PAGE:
I think the DNC and the Kerry campaign should stop spreading around a petition to urge the firing of Donald Rumsfeld in the wake of the Iraqi prison scandal. I understand the spirit of the effort. I also respect Kerry’s duty to explain how he would be handling the situation (and if that means he’d fire his top man in the Pentagon, it’s worth letting voters know about it).
But I still think the petition as a fundraising and email gathering tool should be stopped now. There are three key reasons for this. Actually, there are probably more, but I’ll stick the ones that only relate to the angle that this is, plain and simple, bad politics.
1. It’s Disingenuous: No one thinks that a Kerry-backed petition will influence the Bush administration in any direction other than away from the Kerry position. The petition, if anything, makes Rummy more secure in his job. Those passing around the virtual petition must be aware of this simple fact. So why start it in the first place?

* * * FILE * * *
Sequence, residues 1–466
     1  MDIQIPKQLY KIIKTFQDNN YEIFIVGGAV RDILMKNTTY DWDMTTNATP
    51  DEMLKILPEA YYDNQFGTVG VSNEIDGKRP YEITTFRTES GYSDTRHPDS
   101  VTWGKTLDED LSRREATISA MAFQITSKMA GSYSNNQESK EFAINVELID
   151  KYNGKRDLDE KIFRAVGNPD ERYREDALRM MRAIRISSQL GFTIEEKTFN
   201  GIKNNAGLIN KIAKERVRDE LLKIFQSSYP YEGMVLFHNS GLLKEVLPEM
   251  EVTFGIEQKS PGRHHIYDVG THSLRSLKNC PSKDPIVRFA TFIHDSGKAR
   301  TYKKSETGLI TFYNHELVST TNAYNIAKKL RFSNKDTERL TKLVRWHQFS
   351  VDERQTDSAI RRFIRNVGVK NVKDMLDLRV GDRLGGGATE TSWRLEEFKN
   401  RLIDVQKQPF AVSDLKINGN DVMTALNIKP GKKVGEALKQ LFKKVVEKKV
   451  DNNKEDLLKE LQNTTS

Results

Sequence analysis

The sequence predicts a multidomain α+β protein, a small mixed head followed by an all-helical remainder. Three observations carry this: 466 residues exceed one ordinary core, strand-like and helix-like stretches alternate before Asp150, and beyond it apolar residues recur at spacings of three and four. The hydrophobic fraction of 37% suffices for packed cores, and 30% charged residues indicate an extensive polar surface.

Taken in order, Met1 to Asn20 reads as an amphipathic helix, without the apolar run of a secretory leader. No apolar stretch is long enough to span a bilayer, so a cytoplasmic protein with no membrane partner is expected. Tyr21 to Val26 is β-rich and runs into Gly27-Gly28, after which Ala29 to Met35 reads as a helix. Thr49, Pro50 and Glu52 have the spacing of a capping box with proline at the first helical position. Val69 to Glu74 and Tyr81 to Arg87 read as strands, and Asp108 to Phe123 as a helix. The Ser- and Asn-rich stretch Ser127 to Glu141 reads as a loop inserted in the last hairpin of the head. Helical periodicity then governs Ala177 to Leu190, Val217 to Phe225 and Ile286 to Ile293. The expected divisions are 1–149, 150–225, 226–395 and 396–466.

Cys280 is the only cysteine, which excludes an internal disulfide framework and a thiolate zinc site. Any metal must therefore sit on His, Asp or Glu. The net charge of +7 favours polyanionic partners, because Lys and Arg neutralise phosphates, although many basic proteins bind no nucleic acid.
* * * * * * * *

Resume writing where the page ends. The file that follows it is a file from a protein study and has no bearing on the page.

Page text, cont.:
2. Not Politics: From the beginning of the scandal, many Republicans (including Rumsfeld himself) suggested that calls for the Secretary’s resignation were merely another example of political mudslinging. This analysis was of course wrong. The specific case of the Iraqi prison abuses, and the broader mismanagement of the post-major combat efforts in Iraq, go well beyond political point scoring and personal attacks. The only thing that could possibly change that would be if the Dems piled on and reduced this to a political fight. This was an opportunity to rise above that fray.
3. It’s the Kerry, Stupid: The biggest obstacle for the Kerry campaign thus far is that the campaign has been too focused on President Bush. Bush’s numbers go down. Kerry’s stay flat. If John Kerry is going to introduce himself to the American public, the campaign must be about him. People who are signed up for the Kerry email or who visit the Kerry site already dislike Bush and Rumsfeld. The challenge is the get the focus on Kerry. A simple “No” vote will not decide this election. Using precious email and web real estate to further push voter’s attention towards the Bush team is a step in the wrong direction (even if it results in thousands of newly collected email addresses). The message should not be: Fire Rumsfeld.
It should be: Hire Kerry.